When T-cells probe their environment for antigens, the bond between the T-cell receptor (TCR) and the peptide-loaded major histocompatibility complex (MHC) is put under tension, thereby influencing the antigen discrimination process. Yet, the quantification of such forces in the context of T-cell signaling is technically challenging. Common approaches such as traction force microscopy (TFM) employ a global readout of the force fields, e.g. by measuring the displacements of hydrogel-embedded marker beads. Recent data, however, indicated that T-cells exert tensile forces locally via TCR-enriched microvilli while scanning the surface of antigen-presenting cells. Here, we developed a traction force microscopy platform, which allows for quantifying the pulls exerted via T-cell microvilli, in both tangential and normal directions, during T-cell activation. For this, we immobilized specific T-cell activating antibodies directly on the marker beads used to read out the hydrogel deformation. Microvilli targeted the functionalized beads, as confirmed by superresolution microscopy of the local actin organization. Moreover, we found that cellular components, such as actin, TCR and CD45 reorganize upon interaction with the beads, such that actin forms a vortex-like ring structure around the beads and TCR is enriched at the bead surface, whereas, CD45 is excluded from bead-microvilli contacts.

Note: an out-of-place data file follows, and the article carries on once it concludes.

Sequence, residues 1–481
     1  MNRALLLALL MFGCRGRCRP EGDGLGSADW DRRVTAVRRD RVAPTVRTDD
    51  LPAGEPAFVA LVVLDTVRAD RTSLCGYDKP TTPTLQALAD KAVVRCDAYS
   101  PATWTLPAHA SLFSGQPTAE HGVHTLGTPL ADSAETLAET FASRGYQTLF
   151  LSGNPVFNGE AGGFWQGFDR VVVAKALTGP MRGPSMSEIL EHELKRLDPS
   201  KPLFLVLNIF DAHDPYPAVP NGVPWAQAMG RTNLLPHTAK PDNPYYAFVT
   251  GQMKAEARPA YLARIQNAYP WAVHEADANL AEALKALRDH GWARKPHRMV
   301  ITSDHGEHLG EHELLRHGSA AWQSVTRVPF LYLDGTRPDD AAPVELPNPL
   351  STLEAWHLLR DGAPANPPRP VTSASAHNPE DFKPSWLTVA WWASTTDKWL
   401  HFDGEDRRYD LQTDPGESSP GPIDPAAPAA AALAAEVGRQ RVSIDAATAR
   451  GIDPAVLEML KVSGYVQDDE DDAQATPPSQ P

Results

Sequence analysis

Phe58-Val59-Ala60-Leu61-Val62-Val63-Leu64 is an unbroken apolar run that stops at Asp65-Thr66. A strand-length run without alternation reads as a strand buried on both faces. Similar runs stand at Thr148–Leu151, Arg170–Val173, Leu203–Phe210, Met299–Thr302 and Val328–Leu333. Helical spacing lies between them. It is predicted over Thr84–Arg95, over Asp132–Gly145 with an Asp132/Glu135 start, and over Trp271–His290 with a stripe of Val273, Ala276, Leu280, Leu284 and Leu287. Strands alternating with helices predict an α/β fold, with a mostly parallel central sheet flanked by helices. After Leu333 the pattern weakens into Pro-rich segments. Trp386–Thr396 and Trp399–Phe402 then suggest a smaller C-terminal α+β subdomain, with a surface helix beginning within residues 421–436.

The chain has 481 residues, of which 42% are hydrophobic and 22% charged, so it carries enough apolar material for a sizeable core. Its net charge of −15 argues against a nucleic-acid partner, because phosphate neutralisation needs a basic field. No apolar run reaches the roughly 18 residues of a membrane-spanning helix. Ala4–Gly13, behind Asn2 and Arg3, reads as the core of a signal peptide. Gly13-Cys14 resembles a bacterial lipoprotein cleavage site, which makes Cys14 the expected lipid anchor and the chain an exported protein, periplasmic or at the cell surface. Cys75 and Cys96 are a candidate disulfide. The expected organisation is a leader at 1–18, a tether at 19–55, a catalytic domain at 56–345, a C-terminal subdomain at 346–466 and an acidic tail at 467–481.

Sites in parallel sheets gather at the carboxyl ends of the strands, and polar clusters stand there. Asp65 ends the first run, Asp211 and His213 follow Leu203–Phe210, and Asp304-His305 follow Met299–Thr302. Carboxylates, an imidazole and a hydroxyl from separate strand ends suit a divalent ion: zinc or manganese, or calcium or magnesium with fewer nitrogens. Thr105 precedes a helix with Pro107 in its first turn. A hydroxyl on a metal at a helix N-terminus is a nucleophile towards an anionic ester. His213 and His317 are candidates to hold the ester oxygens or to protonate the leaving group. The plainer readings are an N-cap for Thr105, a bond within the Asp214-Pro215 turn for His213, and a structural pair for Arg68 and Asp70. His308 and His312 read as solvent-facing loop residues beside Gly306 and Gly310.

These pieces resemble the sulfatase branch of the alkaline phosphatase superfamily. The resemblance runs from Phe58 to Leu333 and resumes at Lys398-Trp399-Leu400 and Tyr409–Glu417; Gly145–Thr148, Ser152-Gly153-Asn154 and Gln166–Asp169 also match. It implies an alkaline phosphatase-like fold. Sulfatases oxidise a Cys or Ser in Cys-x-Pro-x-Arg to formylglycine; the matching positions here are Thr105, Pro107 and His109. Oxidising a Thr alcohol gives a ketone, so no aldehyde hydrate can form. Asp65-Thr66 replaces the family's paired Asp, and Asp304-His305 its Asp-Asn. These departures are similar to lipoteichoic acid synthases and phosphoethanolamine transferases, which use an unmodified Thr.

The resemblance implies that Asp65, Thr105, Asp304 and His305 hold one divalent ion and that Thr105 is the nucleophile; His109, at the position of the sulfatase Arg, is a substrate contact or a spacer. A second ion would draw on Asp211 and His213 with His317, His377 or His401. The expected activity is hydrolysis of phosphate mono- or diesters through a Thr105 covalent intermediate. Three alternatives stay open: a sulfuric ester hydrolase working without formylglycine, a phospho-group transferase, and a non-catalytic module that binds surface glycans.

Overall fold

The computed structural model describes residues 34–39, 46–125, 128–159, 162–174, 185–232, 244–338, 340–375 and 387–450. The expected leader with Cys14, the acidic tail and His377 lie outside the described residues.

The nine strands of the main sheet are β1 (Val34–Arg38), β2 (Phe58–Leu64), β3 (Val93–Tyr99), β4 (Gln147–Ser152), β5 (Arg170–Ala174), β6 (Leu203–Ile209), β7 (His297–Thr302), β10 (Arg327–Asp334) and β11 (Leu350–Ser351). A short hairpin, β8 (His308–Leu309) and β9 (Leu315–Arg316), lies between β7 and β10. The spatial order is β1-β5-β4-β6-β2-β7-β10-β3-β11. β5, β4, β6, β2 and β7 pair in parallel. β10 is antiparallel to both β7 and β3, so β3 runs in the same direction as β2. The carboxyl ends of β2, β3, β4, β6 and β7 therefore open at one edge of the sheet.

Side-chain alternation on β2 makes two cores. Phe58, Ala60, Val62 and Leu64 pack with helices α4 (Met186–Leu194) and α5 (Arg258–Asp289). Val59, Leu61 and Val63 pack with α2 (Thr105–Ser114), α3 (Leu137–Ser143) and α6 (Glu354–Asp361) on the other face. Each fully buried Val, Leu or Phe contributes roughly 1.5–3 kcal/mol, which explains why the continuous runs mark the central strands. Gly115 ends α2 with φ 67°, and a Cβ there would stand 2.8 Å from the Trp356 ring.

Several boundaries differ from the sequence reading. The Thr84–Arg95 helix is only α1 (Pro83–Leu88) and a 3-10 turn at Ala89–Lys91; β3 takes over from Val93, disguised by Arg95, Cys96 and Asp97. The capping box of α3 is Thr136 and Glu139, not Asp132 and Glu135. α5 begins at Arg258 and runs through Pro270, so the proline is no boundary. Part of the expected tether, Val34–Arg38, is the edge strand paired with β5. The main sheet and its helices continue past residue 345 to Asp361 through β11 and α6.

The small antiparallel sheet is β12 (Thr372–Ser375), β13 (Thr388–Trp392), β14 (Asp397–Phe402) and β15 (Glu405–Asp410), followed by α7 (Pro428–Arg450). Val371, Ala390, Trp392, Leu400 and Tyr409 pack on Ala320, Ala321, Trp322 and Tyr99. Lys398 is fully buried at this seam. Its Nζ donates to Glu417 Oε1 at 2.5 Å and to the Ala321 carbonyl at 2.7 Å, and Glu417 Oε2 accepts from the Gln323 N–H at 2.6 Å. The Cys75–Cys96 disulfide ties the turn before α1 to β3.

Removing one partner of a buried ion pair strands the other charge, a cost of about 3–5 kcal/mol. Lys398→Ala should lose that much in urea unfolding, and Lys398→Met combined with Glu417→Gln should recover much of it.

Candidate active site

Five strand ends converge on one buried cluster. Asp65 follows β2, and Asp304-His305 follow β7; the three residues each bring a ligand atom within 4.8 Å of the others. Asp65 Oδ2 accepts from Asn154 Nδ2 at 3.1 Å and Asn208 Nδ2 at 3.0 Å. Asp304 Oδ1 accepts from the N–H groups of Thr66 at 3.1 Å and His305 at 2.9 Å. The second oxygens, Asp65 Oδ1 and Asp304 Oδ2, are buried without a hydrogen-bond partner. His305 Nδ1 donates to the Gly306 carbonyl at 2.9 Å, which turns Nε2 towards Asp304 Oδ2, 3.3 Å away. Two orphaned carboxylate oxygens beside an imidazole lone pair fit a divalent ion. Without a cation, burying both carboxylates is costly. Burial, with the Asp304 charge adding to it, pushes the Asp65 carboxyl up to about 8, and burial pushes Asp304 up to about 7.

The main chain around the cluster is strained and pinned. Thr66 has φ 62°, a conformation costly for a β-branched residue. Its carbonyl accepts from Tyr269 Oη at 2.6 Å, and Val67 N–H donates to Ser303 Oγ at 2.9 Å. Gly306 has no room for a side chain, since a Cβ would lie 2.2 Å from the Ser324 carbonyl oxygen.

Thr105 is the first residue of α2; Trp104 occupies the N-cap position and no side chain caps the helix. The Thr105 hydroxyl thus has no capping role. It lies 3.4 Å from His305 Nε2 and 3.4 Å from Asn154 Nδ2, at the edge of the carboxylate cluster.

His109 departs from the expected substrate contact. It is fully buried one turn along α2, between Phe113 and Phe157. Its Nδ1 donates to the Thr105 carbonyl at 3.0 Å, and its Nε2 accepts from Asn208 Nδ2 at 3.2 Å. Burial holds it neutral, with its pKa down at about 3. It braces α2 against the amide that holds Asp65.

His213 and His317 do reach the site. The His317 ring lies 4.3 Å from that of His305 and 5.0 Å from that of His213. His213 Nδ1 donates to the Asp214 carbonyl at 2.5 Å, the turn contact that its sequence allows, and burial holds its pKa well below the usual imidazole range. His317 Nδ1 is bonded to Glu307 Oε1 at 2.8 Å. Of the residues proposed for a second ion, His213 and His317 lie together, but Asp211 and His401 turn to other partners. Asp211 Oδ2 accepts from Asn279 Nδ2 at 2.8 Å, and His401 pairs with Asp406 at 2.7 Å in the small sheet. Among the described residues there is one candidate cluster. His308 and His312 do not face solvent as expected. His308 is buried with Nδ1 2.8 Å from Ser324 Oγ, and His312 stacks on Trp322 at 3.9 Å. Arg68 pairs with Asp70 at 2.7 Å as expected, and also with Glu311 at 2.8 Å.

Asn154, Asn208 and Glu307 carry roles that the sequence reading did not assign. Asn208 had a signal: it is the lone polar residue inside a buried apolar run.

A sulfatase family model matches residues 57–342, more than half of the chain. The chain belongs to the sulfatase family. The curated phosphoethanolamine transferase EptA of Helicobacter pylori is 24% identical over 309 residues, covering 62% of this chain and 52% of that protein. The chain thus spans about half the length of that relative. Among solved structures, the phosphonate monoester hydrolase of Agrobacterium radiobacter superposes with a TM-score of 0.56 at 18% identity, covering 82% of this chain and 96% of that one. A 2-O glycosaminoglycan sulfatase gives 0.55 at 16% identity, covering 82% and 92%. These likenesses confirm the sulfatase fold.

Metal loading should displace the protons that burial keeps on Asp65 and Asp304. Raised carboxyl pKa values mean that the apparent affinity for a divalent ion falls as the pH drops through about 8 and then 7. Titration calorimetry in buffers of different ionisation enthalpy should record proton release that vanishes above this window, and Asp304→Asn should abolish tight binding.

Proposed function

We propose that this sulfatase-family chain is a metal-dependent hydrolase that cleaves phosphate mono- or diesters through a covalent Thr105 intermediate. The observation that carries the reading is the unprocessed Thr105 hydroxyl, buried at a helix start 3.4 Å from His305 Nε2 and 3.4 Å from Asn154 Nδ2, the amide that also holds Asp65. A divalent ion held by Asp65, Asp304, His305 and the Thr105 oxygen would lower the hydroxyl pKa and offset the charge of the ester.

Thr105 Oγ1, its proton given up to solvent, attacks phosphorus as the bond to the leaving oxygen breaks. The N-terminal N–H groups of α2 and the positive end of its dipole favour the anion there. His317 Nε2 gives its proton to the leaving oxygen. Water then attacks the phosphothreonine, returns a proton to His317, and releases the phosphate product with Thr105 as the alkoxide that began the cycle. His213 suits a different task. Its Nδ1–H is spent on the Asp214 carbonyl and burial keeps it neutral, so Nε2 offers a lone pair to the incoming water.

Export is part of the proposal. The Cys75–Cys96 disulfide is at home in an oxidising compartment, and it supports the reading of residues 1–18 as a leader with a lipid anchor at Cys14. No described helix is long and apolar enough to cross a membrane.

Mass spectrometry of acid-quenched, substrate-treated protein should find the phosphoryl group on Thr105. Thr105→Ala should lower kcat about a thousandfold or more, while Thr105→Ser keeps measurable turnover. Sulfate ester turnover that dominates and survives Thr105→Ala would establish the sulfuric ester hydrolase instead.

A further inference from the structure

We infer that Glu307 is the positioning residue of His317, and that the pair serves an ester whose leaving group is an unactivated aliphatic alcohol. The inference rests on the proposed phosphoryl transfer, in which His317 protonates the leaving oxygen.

Significance statement During the antigen recognition process, T-cells explore and probe their environment via microvilli, which exert local pushes and pulls at the surface of the antigen presenting cell. It is currently believed that these forces influence or even enable the antigen recognition process. Here, we describe the development of a platform, which allows us to quantify the magnitude and direction of traction forces exerted locally by T cell microvilli. Simultaneous Ca2+ imaging was used to link the measured forces to the overall T cell activation status. Superresolution microscopy resolved the contact sites of bead-microvilli contact at the nanoscale: cells contacted beads via actin vortex-like structures, which excluded the phosphatase CD45 from the contacts.
### Competing Interest Statement
The authors have declared no competing interest.
|Translated title of the contribution
|Functionalized bead assay to measure 3-dimensional traction forces during T-cell activation
|Published - 24 Sept 2020